I doubt the advisor is the key player here although that person will be representative of what you can expect from your graduate school education in terms of expectations on your writing. So check what is written in the form of PhD these and you will know. Communicating your results will inevitably be required so some form of written result will be on the horizon.

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    +1 This. It does not matter if you are "full-time, half-time or spare-time student". The PHD requirements are the same for all students in the same department – Alexandros Dec 18 '14 at 15:52
  • @Alexandros Didn't put this in the question as wanted to try and make it as generic as possible but in my university full-time students have to do a blended PhD(about 20% coursework, 80% Thesis) whereas due to working 9-5(or more) I'll be doing a traditional PhD of Thesis only (an option not allowed to full time students). Again I don't think this should have major impact on expectations on students but does highlight that there could be possible different requirements between a "full-time, half-time or spare-time student" – gman Dec 19 '14 at 12:06
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While it (usually) isn't a deal breaker to not publish, failure to do so will hurt you in one way or another.

During my defense last week, one of the committee members suggested that the work wasn't significant, and commented on lack of peer-reviewed publications. That didn't prove that the work wasn't significant, but having a journal publication in hand makes fielding a question about significance as easy as quoting from a review report, while having none means that you will have to provide justification in oral arguments.

(Context: part-time PhD in Electrical and Systems Engineering, now "all but deposit")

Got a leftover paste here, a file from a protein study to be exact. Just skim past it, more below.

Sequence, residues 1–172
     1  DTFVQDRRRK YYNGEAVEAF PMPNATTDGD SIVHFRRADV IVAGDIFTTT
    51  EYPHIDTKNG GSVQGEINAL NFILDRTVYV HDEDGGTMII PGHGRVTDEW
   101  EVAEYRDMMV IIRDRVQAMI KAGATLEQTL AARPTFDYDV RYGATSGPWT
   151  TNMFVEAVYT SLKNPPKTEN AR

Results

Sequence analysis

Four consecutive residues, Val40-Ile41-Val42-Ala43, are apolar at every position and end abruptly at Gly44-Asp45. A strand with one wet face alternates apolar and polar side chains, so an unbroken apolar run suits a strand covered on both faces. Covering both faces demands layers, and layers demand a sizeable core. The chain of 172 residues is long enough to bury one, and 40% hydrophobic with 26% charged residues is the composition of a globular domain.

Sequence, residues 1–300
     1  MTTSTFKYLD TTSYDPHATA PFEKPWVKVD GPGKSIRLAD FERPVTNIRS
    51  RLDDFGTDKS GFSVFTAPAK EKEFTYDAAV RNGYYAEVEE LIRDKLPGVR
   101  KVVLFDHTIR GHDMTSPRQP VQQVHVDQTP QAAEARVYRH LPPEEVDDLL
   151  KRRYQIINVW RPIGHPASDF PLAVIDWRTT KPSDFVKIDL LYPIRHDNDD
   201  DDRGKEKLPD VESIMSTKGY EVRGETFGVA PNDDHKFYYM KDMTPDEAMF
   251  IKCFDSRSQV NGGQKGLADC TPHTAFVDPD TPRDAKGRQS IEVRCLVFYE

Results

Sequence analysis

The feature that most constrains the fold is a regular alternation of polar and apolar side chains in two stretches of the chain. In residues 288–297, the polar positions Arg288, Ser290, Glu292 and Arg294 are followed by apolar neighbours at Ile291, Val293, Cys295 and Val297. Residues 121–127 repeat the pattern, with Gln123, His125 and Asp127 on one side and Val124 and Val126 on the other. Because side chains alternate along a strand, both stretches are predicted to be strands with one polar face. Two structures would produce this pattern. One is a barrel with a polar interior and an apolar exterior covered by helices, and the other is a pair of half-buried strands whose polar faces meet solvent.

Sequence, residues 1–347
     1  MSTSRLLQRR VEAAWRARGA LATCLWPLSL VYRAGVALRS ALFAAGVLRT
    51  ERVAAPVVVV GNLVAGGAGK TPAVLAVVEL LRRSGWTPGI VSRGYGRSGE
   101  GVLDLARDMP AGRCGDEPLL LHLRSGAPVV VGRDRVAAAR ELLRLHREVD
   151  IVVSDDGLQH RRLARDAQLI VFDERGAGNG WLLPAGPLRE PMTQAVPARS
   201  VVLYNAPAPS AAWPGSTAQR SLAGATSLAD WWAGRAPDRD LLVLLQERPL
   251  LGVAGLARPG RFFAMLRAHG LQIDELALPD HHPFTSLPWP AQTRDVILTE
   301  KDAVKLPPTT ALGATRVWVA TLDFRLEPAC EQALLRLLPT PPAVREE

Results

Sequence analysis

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    "While it (usually) isn't a deal breaker to not publish, failure to do so will hurt you in one way or another." I think the will is too strong. I agree that a lack of publication leaves the significance of your work entirely up to your advisor and committee members. I don't agree that a publication guarantees significance: it the committee's job to decide either way. In some fields, one simply doesn't attempt to publish one's thesis work until after the thesis is completed. I think this is especially true in the humanities: the thesis is the first draft of a book. – Pete L. Clark Dec 18 '14 at 19:28
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    Also in mathematics, whether and how much a candidate has published is rarely used as a criterion for evaluating the work. Things are changing a bit and pre-PhD publications of something are more common, but as a general rule the strongest math PhDs do not submit their thesis work while they are students. The way to get a top postdoc is not to have some respectable publications of partial results; it is to have the right person talk about the great work you are still doing. – Pete L. Clark Dec 18 '14 at 19:31